b) All hatch covers and tween-deck covers shall be fitted in place.
c) All derricks and cranes shall be secured in a fore-and-aft position.
d) All guard rails shall be properly fitted in place.
e) Gangways shall be folded against ship’s sides and pilot ladder shall be stowed away.
f) All side ports shall be locked in closed position.
g) All toilet facilities shall be locked and the keys shall be kept on the Chief Officer’s key board.
h) All main valves on wash-water lines shall be kept shut during vessel’s stay in dock.
i) Anchor shall be safely secured prior to the vessel’s bow entering the dry-dock.
j) The Master shall maintain.
Satisfy him that adequate firefighting arrangements are
k) Appropriate notice to the effect that men are at work on the propeller and rudder shall be conspicuously posted near the main engine throttle/valves, the turning gear and the steering wheel immediately after the vessel has taken to the keel blocks. Where possible, physical barriers must be installed
or the relevant
l) The Master is to satisfy himself that he has adequate stability both for docking and undocking.
m) The Master shall bring to the notice of all concerned any regulations issued by the dry-dock authorities.
n) Master to ensure that the yard submits a dry dock keel block plan prior to the vessel entering drydock to ensure blocks are even and arranged correctly to avoid interaction between frame spaces, bottom plugs, echo sounder transmission, etc.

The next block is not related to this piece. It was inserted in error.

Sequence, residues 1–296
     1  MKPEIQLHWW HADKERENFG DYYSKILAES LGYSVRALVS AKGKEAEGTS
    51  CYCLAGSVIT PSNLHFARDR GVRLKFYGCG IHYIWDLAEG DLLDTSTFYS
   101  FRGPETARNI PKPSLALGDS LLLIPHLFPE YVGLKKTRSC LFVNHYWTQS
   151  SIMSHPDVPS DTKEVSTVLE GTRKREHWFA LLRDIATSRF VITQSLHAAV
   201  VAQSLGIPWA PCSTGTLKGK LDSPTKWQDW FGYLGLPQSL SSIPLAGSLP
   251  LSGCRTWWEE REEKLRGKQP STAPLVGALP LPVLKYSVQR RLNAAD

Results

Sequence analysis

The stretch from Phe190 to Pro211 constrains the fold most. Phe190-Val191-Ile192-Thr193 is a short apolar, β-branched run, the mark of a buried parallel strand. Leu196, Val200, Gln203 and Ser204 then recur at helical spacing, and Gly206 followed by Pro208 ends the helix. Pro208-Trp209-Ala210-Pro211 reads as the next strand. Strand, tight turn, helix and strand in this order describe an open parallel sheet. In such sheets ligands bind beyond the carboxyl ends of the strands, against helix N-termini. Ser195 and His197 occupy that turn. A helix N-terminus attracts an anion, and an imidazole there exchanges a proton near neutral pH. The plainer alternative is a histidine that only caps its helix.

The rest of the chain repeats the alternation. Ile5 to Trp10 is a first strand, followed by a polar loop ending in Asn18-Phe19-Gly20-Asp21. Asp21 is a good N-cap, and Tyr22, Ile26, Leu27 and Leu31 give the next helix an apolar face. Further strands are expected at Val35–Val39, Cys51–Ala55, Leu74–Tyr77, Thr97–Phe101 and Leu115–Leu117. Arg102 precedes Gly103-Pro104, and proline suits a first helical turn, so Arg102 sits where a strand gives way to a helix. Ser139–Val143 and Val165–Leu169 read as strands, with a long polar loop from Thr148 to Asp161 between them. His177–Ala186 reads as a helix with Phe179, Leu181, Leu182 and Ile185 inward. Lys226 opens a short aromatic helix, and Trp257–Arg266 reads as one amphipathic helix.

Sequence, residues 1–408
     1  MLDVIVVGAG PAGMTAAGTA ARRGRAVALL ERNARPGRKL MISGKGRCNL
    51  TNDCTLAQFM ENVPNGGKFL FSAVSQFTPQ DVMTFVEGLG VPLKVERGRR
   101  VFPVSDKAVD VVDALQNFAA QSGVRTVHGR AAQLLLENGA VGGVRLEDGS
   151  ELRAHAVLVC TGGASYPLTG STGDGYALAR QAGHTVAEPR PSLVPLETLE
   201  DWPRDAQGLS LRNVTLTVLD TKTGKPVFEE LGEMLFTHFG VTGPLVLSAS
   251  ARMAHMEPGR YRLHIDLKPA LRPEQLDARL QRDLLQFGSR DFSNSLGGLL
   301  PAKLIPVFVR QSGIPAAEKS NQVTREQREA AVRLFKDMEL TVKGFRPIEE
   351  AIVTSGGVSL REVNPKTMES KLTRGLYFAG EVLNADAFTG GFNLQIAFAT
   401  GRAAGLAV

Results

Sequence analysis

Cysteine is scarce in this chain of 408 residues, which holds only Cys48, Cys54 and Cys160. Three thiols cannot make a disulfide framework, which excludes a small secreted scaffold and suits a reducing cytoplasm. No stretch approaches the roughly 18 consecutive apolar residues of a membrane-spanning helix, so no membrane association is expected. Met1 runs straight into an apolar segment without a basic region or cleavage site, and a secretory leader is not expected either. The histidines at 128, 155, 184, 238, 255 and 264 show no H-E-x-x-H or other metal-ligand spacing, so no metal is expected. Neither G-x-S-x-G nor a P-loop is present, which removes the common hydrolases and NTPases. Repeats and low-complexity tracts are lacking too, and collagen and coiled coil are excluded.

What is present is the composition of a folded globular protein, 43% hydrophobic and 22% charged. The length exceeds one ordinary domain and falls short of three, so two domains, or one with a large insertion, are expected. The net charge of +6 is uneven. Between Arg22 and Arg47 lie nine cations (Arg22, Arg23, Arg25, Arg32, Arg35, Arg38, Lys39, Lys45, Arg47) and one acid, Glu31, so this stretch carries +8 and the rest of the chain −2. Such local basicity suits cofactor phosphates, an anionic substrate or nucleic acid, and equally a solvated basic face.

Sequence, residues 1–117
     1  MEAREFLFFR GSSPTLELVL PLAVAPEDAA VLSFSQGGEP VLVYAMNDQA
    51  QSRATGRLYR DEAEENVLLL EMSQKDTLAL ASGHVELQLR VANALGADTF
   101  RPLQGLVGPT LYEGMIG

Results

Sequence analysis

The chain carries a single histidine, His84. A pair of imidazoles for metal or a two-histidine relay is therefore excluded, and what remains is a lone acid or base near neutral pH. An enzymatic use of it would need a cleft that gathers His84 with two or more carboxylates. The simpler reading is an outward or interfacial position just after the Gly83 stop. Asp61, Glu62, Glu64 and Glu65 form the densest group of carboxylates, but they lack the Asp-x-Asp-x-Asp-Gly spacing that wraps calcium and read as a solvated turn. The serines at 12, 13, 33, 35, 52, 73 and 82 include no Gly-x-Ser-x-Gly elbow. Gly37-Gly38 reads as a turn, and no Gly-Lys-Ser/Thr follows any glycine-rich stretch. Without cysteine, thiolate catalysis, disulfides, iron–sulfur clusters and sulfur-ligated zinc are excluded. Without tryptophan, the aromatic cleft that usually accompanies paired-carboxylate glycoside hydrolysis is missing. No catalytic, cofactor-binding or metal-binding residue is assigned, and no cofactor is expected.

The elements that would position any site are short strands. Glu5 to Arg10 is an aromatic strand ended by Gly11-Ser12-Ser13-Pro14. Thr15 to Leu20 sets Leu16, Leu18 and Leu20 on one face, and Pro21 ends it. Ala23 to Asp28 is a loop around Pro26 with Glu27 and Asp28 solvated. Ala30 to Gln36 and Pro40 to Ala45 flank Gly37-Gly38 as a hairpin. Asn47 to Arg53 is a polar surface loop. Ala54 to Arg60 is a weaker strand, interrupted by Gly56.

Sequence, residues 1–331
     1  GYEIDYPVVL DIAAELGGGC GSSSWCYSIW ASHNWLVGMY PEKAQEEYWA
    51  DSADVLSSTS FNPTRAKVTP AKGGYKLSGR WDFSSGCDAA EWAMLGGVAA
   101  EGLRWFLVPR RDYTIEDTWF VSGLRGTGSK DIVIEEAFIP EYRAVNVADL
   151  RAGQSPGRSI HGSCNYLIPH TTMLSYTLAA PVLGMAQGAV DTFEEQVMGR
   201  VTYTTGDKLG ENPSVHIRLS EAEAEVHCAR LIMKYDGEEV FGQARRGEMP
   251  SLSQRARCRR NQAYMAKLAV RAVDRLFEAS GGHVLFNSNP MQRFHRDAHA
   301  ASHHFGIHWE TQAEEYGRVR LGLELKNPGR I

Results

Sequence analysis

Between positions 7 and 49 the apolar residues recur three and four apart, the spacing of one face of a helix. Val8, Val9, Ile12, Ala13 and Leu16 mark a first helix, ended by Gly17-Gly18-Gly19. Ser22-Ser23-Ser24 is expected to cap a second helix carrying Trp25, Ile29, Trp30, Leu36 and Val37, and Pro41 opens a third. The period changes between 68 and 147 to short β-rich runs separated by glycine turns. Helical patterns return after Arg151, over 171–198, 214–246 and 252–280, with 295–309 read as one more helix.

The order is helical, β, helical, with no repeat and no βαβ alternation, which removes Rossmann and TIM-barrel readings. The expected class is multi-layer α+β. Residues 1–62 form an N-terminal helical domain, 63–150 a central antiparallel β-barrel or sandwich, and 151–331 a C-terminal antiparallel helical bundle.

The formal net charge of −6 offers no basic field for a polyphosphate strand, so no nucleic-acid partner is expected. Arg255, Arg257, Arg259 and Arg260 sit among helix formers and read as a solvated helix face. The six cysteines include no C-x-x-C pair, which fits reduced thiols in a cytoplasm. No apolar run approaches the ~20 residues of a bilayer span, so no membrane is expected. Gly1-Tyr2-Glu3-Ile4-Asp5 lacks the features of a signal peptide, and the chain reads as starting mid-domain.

o) All areas that are not to be accessible to the yard workers and contractors are to be secured.
p) All precautions taken to prevent theft if ship’s equipment including tools, appliances, etc.
Immediately after the dock is dry, the Master and Chief Engineer, in company with the Chief Officer, shall thoroughly inspect the vessel’s underwater body. The Master shall pay special attention to any defects in the vessel’s hull i.e. shell plating, bilge keel, etc.
The Chief Engineer shall thoroughly inspect all sea-chest, the rudder and rudder bearings, the propeller(s) zinc anodes, stem tube sails and all other under water body fittings such as pilot tube, echo sounder probes, etc. He shall ensure that accurate measurements are taken of tail end shaft clearance/s.
Anchor cables shall be ranged and thoroughly inspected at every dry-docking.
During the vessel’s stay in dry-dock no fuel or water shall be pumped or drained, nor shall any weights be altered onboard the vessel, without the dock Master’s written approval. It is the Chief Officer’s duty to keep the dock Master informed and to make the necessary arrangements for any alteration of weights which may be required in connection with the repair work.
One hour before the dock is to be flooded the Chief Officer shall personally ascertain that all drain plugs are fitted tight in place and no tapes are left on the zinc anodes. The Chief Engineer shall ascertain that all sea valves are in place and properly set-up. An entry to this effect will be made in the vessel’s deck and engine logs. Stem tube seals should be fitted up and plugs secured and inspected for oil seal/leak upon completion of the job.
Every surveyor attending the vessel while in dry-dock shall be accompanied by the Superintendent, Master and/or Chief Engineer tanker at sea vacancies as applicable.